Diary

Defying Odds

01 November 2007 | Diary

In the park today, a sycamore leaf came detached from its shackles, spiraled down through the air and landed neatly upon my head.

It was a moment of simple and unexpected loveliness. Rather than bat it away squeamishly I let it lie on my bonce until it chose to leave of its own accord and join its festering fellows on the wet ground.

In hindsight though, I’m not sure I like the fact that a leaf can fall on my head in such an unsolicited fashion. For a leaf to land on my head defies the odds. And one can only defy the odds so many times in life. To do otherwise defies the odds.

If I’m going to go around defying odds I’d rather it would be for a more interesting end than having an autumn leaf momentarily touch my cranium. I’d be happy winning the lottery for example or getting into the record books for the largest number of sweetcorn niblets jammed up a single nostril.

This trespass of nature was only the first reportable event to take place in the park this evening. And I was only there for ten minutes.

Sometimes a walk in the park is anything but a walk in the park. I’ll leave it to you to mix your own metaphors. It’s a piece of cake.

Of course, we’ve seen this proven several times in the past. The park is a hazardous place, filled with footballers and lonely drunks.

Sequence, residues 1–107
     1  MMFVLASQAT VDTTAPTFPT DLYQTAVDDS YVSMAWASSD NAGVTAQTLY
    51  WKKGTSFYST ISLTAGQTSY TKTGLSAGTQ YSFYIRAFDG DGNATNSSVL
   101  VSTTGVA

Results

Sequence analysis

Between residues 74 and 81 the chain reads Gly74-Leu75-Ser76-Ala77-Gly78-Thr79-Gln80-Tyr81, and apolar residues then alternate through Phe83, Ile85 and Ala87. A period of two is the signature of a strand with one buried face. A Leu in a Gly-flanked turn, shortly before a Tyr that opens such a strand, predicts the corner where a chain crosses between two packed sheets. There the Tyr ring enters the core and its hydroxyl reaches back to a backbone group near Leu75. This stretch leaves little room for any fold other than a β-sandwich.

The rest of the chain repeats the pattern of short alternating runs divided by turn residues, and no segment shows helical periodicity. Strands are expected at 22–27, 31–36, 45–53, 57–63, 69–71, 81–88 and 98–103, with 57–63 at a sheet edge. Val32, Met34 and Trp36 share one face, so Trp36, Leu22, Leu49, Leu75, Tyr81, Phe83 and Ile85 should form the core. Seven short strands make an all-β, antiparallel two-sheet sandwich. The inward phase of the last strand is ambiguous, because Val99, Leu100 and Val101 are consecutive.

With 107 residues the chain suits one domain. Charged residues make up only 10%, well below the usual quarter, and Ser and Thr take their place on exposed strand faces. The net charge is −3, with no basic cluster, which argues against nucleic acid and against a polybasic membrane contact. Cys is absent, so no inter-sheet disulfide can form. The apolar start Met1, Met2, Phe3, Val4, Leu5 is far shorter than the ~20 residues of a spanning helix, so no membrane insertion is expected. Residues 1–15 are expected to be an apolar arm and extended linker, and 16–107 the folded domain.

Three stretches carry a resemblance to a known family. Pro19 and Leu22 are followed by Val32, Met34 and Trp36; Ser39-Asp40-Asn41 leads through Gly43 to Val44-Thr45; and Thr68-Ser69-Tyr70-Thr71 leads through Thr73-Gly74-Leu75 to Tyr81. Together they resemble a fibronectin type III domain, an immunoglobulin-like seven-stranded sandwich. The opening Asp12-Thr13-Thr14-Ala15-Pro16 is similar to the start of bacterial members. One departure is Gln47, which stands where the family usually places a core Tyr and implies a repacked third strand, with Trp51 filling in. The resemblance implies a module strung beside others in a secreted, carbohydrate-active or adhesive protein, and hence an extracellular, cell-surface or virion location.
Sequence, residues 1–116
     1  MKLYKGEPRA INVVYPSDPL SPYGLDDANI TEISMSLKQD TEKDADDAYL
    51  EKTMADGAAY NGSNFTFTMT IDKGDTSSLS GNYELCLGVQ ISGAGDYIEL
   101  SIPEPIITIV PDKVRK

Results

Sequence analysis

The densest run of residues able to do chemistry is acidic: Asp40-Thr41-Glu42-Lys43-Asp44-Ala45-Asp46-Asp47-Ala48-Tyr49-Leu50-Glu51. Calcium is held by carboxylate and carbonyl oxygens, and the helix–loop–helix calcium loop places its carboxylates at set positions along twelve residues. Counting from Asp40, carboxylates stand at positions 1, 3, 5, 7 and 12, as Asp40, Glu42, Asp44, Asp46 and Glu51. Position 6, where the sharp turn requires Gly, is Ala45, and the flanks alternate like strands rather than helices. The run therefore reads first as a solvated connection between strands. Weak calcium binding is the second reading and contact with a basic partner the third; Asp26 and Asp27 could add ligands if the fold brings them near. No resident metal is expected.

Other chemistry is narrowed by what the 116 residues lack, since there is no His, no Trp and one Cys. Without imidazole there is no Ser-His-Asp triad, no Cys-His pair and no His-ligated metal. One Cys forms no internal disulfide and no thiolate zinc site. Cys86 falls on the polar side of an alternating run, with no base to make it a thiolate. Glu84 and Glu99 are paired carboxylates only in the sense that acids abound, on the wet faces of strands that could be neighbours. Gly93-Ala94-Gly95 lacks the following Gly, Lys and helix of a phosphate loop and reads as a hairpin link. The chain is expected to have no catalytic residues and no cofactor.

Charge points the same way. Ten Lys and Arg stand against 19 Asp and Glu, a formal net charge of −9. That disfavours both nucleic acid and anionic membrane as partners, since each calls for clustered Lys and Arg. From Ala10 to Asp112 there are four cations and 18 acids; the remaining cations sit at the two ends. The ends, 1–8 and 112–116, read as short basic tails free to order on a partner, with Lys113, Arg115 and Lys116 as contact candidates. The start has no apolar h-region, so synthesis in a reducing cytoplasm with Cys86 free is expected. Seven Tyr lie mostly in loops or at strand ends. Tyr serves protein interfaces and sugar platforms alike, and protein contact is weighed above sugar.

It’s also full of dogs and bees. “When the dog bights,” sings Julie Andrews, “When the bee stings, when I’m feeling low, I simply remember my favourite things.”

Well I certainly didn’t think of my favourite things when these happened to me. Quite the opposite.

Next, I am accosted by drunk children. “Either of you two got a light?” one of them asks. I am only dimly aware of his request since my attentions are focussed upon a pair of dogs wildly circulating the park. I’m not very fond of dogs (jumpy, growly excitable things) and I couldn’t see the humans who should have been attached to them.

There’s actually a local horror story about a man who takes pleasure in his horse-sized rottweiler jumping up at people in Kelvingrove park. The words “He’s only playing” fill me cold dread.

“Hoy! Either of you two got a light?” asked the kid again, annoyed at being ignored. I feel that the question is being aimed at me but what does he mean “you two”? Have I become so duplicitous that he can see both of me?

And then I realised that a studious looking girl had become caught up in my orbit. Listening to her iPod though she didn’t seem aware of me or the drunk and hooded nedspawn.

I told the kids I didn’t have a light but their leader continued to shout their request at the iPod girl.

“I don’t think she can hear you,” I said, “She’s listening to music”.

“Wha-?”

The kid didn’t seem to get it at all. I found this odd since he himself had iPod wires dangling from his shoulders.

The pre-Copurnican girl continued on her way oblivious to the world outside her head.

What a lovely way to live. I’m going to invest in a pair of builder’s protective earmuffs so I can ignore everyone. No more overheard train conversations for me.

I don’t know how this story ends so we’ll assume it involves a pterodactyl.



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